Edited Version November 24, 1999 Transcript
EIIP Tech Arena Online Presentation

"Virtual Communities with TeamWave Workplace"

Amy Sebring
EIIP Technical Projects Coordinator

The original unedited transcript of the November 24, 1999 Tech arena presentation is available in EIIP Virtual Forum Archives <http://www.emforum.org>. The following version of the transcript has been edited for easier reading and comprehension. Typos were corrected, date/time/names attributed by the software to each input were deleted but the content of questions and responses are as stated by each participant. Answers from the participants to questions by the audience are grouped beneath the appropriate question to facilitate meaning.


Amy Sebring: Welcome to the EIIP Tech Arena!

For any first timers joining us today, if you see a blue URL, you can click on it and it will load in your browser. After the first one, your browser may not come to the top, so you may need to bring it forward.

The background page for today's session is at <http://www.emforum.org/varena/991124.htm>.


Today I am going to show you some software I found, TeamWave Workplace. This is in follow up to another session we recently did on various Internet tools. (See transcript for 11/16/99) This software might be useful if you were interested in setting up a meeting place for a group or "virtual community" of your own. Not only can you do text chat, you can share some tools that I am going to show.

The features look simple and straightforward, but if you use your imagination, I think you will find some fairly powerful ways to use them. And the tools and whiteboard are persistent, which means they remain the way you left them from session to session. This allows you to combine aspects of a synchronous event such as a meeting, with the asynchronous features of a Web page and BBS, so that others may view them or modify when convenient.

Right now, TeamWave is offering 10 meg of free server space so you do not even need to get the server software to experiment with it. All you need to do is sign up.

Right up top, I will say that the chief obstacles are that you have to get members of your community to download and install the client software, but the main problem will be firewalls. Further information about firewalls can be found on the TeamWave Web site, which is located at <http://www.teamwave.com>.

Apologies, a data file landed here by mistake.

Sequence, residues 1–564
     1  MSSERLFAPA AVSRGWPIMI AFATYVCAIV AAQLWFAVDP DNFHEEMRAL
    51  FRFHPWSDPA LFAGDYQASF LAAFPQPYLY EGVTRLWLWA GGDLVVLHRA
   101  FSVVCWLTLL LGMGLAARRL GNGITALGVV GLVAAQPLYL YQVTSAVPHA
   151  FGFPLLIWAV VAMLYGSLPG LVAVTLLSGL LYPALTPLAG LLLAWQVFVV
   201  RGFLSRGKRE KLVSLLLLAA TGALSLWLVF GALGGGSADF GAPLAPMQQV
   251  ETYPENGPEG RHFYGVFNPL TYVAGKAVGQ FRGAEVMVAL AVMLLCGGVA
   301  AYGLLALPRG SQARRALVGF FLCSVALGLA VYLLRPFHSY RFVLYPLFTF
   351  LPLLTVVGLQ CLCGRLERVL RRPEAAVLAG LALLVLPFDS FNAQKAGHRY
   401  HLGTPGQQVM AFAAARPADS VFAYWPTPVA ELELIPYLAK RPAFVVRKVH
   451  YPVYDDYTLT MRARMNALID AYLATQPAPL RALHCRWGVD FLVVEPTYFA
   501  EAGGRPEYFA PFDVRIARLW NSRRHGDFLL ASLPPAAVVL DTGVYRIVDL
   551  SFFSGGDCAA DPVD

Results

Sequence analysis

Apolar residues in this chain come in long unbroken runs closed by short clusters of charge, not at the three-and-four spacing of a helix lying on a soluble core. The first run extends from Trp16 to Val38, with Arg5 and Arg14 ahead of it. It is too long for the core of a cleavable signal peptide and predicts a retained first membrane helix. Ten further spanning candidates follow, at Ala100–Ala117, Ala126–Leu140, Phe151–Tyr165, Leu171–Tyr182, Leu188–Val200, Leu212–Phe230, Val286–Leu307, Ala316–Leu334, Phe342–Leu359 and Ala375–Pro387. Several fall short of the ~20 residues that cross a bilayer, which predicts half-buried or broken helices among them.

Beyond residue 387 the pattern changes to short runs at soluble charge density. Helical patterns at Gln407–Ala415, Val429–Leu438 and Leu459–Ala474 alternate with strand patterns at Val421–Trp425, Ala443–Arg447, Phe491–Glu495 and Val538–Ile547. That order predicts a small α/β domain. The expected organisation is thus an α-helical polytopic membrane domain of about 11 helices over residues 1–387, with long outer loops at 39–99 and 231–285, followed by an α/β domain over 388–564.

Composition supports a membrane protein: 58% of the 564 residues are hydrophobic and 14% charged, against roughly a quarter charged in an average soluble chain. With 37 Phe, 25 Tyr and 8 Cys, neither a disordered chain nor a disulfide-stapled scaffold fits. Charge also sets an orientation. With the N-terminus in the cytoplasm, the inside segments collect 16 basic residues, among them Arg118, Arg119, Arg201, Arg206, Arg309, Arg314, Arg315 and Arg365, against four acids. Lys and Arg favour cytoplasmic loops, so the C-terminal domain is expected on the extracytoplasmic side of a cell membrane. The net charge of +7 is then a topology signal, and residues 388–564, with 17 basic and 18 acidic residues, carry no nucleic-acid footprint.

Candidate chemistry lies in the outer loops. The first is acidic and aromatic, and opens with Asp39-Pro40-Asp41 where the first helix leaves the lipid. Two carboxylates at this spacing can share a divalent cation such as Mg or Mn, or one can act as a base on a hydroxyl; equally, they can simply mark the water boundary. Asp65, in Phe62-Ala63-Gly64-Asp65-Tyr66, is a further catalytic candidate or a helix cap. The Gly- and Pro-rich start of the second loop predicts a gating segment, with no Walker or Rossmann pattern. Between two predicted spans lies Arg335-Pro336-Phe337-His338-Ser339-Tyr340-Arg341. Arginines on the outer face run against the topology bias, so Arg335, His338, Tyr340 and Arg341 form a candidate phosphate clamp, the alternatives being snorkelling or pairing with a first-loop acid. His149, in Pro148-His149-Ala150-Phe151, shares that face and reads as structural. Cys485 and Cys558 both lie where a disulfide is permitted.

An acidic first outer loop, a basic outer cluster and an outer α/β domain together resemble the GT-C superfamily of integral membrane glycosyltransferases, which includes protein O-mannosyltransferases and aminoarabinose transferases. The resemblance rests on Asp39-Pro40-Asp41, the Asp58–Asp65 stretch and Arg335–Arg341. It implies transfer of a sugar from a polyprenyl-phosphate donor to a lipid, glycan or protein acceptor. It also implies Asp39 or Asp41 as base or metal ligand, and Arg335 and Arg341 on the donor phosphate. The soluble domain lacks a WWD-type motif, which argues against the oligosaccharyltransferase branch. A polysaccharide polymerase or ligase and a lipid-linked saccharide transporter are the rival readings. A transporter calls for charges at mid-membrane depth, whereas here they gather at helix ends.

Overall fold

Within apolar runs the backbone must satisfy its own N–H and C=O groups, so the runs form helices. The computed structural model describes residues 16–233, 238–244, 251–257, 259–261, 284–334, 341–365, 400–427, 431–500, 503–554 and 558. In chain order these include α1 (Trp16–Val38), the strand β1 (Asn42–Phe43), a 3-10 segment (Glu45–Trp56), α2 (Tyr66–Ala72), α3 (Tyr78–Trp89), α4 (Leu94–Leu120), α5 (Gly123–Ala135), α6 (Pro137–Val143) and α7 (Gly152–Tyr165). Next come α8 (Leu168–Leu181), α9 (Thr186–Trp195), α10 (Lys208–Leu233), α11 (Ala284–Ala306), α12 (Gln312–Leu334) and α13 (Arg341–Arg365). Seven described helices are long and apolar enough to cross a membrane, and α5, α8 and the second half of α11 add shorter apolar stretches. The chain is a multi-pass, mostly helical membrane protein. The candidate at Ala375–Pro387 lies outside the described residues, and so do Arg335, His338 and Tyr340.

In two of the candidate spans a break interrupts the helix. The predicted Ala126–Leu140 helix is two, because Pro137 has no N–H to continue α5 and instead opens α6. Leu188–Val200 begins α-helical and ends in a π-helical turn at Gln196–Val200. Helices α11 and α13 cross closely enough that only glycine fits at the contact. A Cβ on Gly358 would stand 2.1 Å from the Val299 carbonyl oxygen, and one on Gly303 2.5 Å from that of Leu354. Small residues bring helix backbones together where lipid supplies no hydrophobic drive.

I have downloaded and installed the server software as well as the client software, and while I do not intend to get into the server software, I will say that it is almost as easy to use as the client software. With or without your own server software, you may be the administrator. If so, you will have control over housekeeping such as setting up accounts for your users, and setting up who has permission to do what.

As we go through the features, I will be happy to try to answer questions as they occur to you, instead of waiting all the way to the end. Please enter a question mark and have your question ready to send in when recognized.

Also, if you have already set up a client to participate, we will actually go into this site after this session is over. If you have not set it up, but would like to visit in the future, just let me know at <[email protected]>. Information about getting the client is provided on the background page. During an actual visit is the best way to get a feel for how the features work. I can also get into a little more detail than will be possible during this session.

This first screenshot is the setup for User Accounts. I think you will agree it is fairly straightforward. If you fill in the fields completely, you will make it possible for members to reference this information and use it.


Under the Rooms Tab you can specify the default room, which I have as Lobby in this example. This next shot shows an empty room called demo. Please note the three main areas of the screen. This will take awhile to load, so go ahead and start loading it.